Integrating a hardware synth into an Ableton Live production workflow can really improve your workflow, as well as create some awesome and powerful sounds. In today’s tutorial, Mad Zach covers three techniques that he uses with his Moog Sub Phatty when working on a project.
Here’s a bit more on the techniques mentioned in the video:
Technique 1: Send Basic MIDI Loops To The Synth while playing a Drum Loop
This is the quickest way to start using a hardware synthesizer with a Ableton – we’re including it here because it’s the building blocks of tons of interactions between computer and synthesizer. The main steps here are:
- Connect your synth (MIDI out of the computer/soundcard to synth, Audio back in from the synth)
- Create a new MIDI track with an External Instrument on it and set up the MIDI/Audio settings
- Make a new MIDI clip and enter a sweet melody
- Hit play!
This enables you to tweak all of the controls on the synth while playing back the same notes – a great way to learn how your synth works and discover new sounds. Especially perfect for techno, house, and other loop based music.
Technique 2: Record A Noodling Session + Chop The Best Parts In Ableton
Experimenting on a synth leads to sounds that sometimes seem wildly unique. Recording yourself and the progression of playing around with the patches and manipulating the synth gives you a great palette to pull from. Having the session in audio format also allows for additional types of manipulation which are not possible with just midi.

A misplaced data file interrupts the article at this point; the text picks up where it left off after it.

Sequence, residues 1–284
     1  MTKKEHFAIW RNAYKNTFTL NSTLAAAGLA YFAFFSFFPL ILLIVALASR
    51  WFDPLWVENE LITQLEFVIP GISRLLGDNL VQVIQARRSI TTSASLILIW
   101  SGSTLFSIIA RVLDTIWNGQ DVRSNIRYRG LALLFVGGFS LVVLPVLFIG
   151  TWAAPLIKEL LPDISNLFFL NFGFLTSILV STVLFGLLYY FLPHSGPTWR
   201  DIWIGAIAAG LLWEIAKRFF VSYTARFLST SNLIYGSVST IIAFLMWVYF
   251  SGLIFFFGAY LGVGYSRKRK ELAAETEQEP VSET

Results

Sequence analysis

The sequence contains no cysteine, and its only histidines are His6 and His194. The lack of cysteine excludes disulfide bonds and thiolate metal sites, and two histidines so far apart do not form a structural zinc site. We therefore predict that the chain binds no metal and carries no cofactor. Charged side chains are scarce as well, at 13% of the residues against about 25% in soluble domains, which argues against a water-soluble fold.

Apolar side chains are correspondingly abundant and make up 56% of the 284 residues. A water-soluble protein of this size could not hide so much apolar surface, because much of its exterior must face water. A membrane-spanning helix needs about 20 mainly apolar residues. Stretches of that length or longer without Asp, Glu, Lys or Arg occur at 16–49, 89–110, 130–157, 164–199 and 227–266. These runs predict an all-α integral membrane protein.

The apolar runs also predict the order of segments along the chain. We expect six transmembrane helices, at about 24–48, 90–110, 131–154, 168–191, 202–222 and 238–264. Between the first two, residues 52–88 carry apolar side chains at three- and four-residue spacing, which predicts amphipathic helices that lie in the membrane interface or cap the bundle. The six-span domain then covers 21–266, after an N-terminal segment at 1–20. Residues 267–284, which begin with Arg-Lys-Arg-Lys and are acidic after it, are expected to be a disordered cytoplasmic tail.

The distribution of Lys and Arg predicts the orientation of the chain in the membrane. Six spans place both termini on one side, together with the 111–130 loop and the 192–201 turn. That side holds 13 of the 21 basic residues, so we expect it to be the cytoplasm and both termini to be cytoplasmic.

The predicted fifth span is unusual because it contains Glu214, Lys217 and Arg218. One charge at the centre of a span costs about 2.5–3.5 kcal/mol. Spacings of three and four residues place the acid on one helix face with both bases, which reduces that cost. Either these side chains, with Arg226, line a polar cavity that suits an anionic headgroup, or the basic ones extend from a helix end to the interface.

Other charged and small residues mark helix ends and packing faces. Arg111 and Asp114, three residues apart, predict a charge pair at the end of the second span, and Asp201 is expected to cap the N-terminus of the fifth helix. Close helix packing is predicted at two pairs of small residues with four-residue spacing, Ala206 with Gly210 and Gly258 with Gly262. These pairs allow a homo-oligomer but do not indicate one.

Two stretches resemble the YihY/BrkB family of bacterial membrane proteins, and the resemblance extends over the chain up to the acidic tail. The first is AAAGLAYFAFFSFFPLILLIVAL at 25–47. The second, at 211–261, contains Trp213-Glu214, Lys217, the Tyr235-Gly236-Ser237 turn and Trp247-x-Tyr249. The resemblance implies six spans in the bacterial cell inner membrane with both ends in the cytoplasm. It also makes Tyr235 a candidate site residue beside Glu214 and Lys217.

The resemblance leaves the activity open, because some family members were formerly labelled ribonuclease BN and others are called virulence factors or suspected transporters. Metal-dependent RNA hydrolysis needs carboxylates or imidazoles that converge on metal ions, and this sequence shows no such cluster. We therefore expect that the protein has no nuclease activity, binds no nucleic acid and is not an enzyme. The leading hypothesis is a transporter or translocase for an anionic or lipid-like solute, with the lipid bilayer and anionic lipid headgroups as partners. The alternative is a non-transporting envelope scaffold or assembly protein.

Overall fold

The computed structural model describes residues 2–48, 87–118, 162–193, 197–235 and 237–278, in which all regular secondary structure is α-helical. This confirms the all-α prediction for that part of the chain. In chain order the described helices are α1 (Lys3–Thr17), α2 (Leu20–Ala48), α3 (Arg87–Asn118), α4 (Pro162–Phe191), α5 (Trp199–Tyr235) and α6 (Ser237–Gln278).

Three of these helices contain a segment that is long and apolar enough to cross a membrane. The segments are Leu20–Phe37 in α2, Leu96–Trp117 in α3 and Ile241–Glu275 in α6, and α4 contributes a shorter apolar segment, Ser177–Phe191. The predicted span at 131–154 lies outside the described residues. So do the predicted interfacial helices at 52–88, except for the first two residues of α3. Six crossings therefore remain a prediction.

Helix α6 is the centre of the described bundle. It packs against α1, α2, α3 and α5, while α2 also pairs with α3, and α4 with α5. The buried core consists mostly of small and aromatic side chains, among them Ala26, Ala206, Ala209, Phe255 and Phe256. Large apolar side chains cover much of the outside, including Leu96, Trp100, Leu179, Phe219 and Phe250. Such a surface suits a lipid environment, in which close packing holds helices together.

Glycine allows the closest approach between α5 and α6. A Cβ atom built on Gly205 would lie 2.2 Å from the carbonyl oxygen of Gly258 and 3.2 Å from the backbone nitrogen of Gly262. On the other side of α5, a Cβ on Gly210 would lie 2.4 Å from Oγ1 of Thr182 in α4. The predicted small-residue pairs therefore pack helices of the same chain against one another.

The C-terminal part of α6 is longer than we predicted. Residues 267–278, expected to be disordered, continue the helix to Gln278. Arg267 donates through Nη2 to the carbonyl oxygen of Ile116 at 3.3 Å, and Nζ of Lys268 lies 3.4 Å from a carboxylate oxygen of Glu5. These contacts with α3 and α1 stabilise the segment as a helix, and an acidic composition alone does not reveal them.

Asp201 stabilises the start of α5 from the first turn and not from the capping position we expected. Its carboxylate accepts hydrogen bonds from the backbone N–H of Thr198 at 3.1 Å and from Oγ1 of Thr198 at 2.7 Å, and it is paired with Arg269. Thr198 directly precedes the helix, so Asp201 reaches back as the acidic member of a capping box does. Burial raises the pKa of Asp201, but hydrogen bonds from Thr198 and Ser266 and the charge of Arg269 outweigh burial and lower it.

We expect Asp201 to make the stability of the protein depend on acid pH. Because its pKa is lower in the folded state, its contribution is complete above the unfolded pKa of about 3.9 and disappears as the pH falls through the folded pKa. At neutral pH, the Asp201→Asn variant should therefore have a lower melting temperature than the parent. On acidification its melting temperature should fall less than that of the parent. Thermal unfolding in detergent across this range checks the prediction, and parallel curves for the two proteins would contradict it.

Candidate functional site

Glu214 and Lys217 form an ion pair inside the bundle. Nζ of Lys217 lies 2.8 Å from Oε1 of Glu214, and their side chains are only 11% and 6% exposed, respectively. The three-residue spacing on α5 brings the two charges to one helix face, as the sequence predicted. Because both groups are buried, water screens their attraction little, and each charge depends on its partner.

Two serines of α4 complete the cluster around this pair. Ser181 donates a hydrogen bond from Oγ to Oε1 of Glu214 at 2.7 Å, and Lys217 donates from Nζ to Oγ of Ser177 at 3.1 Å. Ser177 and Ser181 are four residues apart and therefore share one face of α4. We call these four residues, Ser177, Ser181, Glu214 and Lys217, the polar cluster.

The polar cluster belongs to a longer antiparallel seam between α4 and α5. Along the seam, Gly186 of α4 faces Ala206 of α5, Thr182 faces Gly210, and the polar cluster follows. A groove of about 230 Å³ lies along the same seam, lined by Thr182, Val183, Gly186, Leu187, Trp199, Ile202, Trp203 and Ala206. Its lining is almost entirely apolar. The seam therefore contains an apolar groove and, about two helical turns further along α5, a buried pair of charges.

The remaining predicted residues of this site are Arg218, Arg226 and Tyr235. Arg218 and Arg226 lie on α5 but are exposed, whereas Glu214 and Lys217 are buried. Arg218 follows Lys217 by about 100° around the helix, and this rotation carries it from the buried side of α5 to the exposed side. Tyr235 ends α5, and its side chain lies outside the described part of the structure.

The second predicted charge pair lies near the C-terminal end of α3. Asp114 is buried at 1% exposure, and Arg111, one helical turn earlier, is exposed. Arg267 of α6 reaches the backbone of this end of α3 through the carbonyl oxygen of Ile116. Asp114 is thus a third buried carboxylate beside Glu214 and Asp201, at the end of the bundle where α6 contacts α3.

You’ll want to create a new audio track in the arrangement view of Ableton that records your synthesizer audio, but since the synth is still being monitored in the MIDI track, mute your new audio track. Record yourself for at least a few minutes so that you get plenty of material to work with. I usually recommend turning the lights down low and getting “lost” with the synth for however long you are into it. You can also use effects to spice things up.
When you’ve finished, chop up your favorite parts in time with a drum playing – try duplicating clips of audio and reversing them, as well as adding some effects automation on top of that for serious flair.
Technique 3: Use MIDI Clip Automation To Control Synth Parameters
This technique works well especially with MIDI tracks that you’ve already put a lot of work into. In the video, I show a project I’m working on with G Jones. I’ve put together a cool-sounding bass line, and then (as in technique 1), run it through the hardware synth.
When you do this, look for specific parameters on the synth that sound good consistently. These will be the ones you select to be controlled with MIDI automation. Every synth as a unique set of MIDI input codes that correlate with the hardware controls – so open up the manual and find the correct code.
In the individual MIDI clips that you want to automate, open up the envelop controls and select “MIDI Control” and the correct CC code for the synth parameter. Then you can draw in automation in the clip just as you would if it were a software synth!
Note: Make sure you have “Remote” enabled in the Audio/MIDI preferences for your synth in order for this to work.